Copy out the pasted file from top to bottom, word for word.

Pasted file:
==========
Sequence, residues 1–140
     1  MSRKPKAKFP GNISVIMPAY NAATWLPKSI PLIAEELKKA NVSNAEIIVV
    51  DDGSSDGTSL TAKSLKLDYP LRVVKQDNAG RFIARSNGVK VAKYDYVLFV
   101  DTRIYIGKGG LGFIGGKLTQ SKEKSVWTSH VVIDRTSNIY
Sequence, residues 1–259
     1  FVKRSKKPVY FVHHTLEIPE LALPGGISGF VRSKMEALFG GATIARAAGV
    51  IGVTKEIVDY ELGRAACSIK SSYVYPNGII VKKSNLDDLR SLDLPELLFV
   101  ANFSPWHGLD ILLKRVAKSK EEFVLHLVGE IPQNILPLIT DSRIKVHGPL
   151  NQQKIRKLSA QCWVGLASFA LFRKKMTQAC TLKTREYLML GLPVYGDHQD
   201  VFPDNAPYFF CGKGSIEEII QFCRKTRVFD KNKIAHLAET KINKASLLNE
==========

Sequence, residues 1–140
     1  MSRKPKAKFP GNISVIMPAY NAATWLPKSI PLIAEELKKA NVSNAEIIVV
    51  DDGSSDGTSL TAKSLKLDYP LRVVKQDNAG RFIARSNGVK VAKYDYVLFV
   101  DTRIYIGKGG LGFIGGKLTQ SKEKSVWTSH VVIDRTSNIY
Sequence, residues 1–259
     1  FVKRSKKPVY FVHHTLEIPE LALPGGISGF VRSKMEALFG GATIARAAGV
    51  IGVTKEIVDY ELGRAACSIK SSYVYPNGII VKKSNLDDLR SLDLPELLFV
   101  ANFSPWHGLD ILLKRVAKSK EEFVLHLVGE IPQNILPLIT DSRIKVHGPL
   151  NQQKIRKLSA QCWVGLASFA LFRKKMTQAC TLKTREYLML GLPVYGDHQD
   201  VFPDNAPYFF CGKGSIEEII QFCRKTRVFD KNKIAHLAET KINKASLLNE